It is to be realised that only preferred embodiments of the invention have been described and that numerous substitutions, modifications and alterations are permissible without departing from the spirit and scope of the invention as defined in the following claims.

Claims (15)

We claim:
1. A method of forming metastable solid, amorphous materials comprising the steps of:
contacting a solid material with a second substance;
heating the substance and the solid material to a temperature above the temperature at which the diffusion rate of the substance into the solid material to react with a component of solid material to form a metastable solid material is at least 104 times the rate of self-diffusion of a component of the solid material; and
reacting the substance and the solid material at a temperature no more than 25° C. above the glass crystallization temperature of the metastable, solid amorphous material for a time sufficient for the substance to diffuse a predetermined distance through the solid material to form said metastable solid, amorphous material.
2. A method according to claim 1 in which the solid material is a solid and the substance is a gas.
3. A method according to claim 1 in which the solid material and substance are solids.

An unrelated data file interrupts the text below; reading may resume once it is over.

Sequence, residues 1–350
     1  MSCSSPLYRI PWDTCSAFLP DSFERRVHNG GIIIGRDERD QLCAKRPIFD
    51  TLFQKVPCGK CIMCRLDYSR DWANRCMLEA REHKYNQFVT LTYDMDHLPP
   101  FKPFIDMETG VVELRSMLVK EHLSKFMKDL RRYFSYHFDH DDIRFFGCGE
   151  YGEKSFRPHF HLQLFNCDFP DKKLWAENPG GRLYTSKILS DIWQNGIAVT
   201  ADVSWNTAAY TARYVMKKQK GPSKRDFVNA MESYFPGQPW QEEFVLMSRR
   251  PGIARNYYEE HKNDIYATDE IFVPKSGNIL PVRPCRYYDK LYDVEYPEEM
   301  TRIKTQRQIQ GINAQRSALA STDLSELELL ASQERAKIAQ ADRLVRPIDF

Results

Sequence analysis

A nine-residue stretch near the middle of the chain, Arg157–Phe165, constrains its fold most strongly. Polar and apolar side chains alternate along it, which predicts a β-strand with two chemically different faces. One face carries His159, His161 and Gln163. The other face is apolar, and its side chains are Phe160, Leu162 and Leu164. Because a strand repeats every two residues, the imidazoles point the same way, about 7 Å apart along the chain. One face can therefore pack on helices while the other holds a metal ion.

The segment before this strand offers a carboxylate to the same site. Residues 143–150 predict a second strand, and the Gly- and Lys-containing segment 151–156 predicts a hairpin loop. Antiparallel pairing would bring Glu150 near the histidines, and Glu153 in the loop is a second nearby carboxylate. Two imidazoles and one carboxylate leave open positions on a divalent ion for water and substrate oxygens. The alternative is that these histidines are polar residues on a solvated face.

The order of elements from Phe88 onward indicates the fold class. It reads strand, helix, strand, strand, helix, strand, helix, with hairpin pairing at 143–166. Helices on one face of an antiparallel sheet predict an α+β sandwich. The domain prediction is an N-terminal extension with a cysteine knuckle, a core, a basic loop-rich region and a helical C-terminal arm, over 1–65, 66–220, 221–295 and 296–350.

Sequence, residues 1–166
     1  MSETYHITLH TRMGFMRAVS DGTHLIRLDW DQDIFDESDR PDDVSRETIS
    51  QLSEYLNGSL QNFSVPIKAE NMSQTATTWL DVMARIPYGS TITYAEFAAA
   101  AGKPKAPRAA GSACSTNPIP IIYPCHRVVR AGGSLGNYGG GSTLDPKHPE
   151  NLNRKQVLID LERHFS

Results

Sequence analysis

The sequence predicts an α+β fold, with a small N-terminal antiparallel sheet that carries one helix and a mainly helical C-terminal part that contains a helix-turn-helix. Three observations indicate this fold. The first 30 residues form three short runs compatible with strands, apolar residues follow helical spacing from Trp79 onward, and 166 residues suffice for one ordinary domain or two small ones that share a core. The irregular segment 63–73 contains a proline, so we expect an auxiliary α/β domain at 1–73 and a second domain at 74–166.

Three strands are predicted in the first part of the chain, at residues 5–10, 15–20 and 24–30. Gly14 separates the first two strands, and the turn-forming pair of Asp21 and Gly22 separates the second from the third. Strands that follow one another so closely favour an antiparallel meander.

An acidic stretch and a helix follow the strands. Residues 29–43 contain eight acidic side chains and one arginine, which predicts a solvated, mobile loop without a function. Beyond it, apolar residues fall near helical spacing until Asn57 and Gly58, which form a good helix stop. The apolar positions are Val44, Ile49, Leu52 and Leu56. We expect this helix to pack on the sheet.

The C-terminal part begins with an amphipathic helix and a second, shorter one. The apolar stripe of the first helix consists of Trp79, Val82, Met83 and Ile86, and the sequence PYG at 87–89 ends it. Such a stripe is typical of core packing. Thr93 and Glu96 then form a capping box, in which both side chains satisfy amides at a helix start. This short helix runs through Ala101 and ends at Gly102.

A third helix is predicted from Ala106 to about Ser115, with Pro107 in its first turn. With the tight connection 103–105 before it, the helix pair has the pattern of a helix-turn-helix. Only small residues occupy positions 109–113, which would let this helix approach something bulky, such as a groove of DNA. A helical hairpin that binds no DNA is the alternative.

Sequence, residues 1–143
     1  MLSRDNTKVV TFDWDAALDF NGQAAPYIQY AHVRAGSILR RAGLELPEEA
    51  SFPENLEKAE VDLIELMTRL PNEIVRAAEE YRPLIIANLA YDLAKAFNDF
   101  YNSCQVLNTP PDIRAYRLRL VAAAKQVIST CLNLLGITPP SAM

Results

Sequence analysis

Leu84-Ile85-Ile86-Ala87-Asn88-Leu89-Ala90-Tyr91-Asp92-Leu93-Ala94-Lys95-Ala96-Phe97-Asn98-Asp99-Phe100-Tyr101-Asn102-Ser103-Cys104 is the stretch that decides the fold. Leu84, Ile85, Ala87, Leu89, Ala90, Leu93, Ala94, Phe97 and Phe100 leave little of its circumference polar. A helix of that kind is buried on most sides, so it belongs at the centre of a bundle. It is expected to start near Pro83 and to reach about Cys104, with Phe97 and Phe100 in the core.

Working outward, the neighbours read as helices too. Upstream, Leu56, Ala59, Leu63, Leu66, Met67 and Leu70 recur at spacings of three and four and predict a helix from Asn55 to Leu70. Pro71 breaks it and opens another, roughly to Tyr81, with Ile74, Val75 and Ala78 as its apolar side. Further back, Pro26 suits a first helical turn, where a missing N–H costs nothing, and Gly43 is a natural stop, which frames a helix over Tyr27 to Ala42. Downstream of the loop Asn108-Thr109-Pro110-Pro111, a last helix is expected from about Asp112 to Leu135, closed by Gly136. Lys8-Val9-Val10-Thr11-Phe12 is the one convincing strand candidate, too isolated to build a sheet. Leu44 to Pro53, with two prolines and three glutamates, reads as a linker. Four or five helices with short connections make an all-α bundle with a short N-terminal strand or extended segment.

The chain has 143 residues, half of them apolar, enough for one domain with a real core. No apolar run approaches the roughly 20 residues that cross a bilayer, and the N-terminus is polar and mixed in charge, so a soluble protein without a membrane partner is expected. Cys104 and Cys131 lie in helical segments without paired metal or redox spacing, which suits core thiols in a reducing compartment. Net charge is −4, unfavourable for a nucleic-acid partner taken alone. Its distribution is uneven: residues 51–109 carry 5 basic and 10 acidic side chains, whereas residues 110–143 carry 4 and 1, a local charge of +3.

4. A method according to claim 3 in which the solid material and substance are in granular form.
5. A method according to claim 3 in which the solid material and substance are adjacent layers on the surface of a substrate.
6. A method according to claim 1 in which temperature is below the crystallization temperature of the metastable, amorphous material.
7. A method according to claim 6 in which the metastable, amorphous, solid material that forms contains grains of a fine, crystalline material having crystals no larger than 100 Å embedded in a matrix of said metastable, amorphous solid material and the temperature is near or above the crystallization temperature of said fine crystalline material.
8.
A method according to claim 6 further including providing a seed of said amorphous solid material in contact with the solid material and substance during said reaction.
9. A method according to claim 8 in which the seed is in granular form and is in contact with the substance and solid material which are in a granular form.
10. A method according to claim 8 in which the seed is a substrate on which is coated layers of the solid material and substance.
11. A method according to claim 1 in which the reaction is continued for 0.5 hour to 30 days.
12. A method according to claim 11 in which the metastable solid material is a metastable amorphous alloy of the formula A1-x.sbsb.o Bx.sbsb.o where xo is a fractional number, the diffusion rate of B in A is at least 104 times the self-diffusion rate of A and B diffuses in A over distances of the order of 1 μm or more in practical time periods.
13. A method according to claim 12 in which A is selected from Groups IIB, IVB or VB and B is selected from Groups VIIB, VIII or IB of the Periodic Table of Elements.
14. A method according to claim 12 in which the metastable solid is a compound of a transition metal with a mettaloid.
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CA1210224A (en) 1986-08-26